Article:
Small farm conference

An upcoming conference will focus of small farm issues.

Cultivating the Harvest, the 20th annual Inland Northwest small farm conference, will be March 1-2 in Moscow, Idaho.

Topics include finding and keeping labor, pollinators, regenerative grazing for small dairies, no-till and minimum till practices for vegetables, access to new markets and strategies for when the weather is unpredictable, said Colette DePhelps, area community food systems educator for University of Idaho Extension.

Those needs are also cited by larger farms, DePhelps said, but smaller farms might use roto-tillers or small tractor implements, which come with a different set of management challenges and research questions.

“The technology is so different on small farms,” DePhelps said. “There are total similarities (to larger farms), and we want to bridge that scale. We don’t want a small farm-large farm divide.”

On the Palouse, some small fruit and vegetable operations can see pest pressures from other farms, DePhelps said. How smaller farmers manage for pests can be specific, she said.

The event begins at 1 p.m. March 1 with several workshops and tours, including Washington State University’s bee lab and UI’s meats lab.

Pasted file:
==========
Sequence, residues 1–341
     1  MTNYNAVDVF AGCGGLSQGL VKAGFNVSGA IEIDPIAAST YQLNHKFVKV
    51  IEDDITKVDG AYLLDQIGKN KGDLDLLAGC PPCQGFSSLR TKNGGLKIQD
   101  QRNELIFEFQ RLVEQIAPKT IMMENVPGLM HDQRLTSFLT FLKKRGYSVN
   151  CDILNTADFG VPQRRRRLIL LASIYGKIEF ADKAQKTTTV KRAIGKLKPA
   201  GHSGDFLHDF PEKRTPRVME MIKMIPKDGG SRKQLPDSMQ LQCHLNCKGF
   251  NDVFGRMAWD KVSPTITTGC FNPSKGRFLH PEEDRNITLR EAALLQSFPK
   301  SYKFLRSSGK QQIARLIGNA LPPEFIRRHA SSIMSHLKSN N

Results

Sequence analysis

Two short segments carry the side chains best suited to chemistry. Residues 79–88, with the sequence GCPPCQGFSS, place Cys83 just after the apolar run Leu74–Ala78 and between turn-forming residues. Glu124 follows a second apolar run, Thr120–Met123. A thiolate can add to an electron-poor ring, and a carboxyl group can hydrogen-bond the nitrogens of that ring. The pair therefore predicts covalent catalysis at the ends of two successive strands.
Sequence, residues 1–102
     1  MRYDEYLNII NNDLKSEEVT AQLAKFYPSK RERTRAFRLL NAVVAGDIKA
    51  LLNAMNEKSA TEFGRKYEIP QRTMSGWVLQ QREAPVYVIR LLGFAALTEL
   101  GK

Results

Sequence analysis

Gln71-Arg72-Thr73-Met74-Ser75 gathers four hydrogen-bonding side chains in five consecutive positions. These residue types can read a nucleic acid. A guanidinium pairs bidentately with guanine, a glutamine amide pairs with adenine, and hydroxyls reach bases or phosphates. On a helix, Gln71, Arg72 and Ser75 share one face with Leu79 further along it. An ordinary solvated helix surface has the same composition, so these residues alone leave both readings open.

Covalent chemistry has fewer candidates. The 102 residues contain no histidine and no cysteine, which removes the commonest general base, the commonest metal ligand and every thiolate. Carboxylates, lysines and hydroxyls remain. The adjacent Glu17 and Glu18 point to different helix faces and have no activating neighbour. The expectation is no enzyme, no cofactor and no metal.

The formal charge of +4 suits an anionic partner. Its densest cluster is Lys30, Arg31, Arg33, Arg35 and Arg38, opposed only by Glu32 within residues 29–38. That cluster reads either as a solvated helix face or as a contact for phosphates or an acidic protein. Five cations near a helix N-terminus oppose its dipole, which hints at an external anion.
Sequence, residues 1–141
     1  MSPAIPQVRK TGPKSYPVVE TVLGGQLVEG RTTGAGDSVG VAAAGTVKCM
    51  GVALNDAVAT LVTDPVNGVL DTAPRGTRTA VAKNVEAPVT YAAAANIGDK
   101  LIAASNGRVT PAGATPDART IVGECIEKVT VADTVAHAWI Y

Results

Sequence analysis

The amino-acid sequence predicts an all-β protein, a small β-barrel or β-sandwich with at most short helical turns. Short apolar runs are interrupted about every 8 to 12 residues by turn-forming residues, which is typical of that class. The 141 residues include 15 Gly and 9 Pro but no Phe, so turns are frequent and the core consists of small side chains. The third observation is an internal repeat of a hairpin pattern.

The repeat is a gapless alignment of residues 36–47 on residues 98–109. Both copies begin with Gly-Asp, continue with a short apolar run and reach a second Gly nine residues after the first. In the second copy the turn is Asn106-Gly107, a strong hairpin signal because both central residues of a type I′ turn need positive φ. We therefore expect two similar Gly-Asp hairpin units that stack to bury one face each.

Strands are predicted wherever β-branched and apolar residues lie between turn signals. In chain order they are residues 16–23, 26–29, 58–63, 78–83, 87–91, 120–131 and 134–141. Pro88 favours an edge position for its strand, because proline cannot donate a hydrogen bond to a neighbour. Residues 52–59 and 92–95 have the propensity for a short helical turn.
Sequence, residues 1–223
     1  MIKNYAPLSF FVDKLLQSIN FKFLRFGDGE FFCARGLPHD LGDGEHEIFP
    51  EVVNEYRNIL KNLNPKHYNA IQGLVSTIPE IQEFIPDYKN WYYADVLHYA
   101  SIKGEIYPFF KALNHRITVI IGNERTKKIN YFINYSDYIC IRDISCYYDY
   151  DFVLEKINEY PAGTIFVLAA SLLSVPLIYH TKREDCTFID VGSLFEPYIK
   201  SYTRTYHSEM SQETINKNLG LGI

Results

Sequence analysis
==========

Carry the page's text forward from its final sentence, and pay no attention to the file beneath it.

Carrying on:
The agenda includes performance in the evening of the play, “Map of My Kingdom,” by Mary Swander, commissioned by Practical Farmers of Iowa, about farm families deciding on a succession plan.

The next day begins at 8:30 a.m., at the Pitman Center on the University of Idaho campus.

Keynote speakers include Beth Robinette of the Lazy R Ranch in Cheney, Wash., and LINC Foods cooperative in Spokane and Laura Garber of Homestead Organics in Hamilton, Mont. Both have experience forming cooperatives, DePhelps said.

Bill Snyder, Washington State University entomologist, will speak about on-farm research.

“On-farm research is a very useful tool for improving your production system on your farm and answering questions that you have,” DePhelps said.

DePhelps expects 100 to 150 people, weather permitting.

A panel discussion will cover lessons learned over the last two decades.

The conference celebrates 20 years of small farm programming, an increased number of small farms and ranches and gains within the local food system, DePhelps said.

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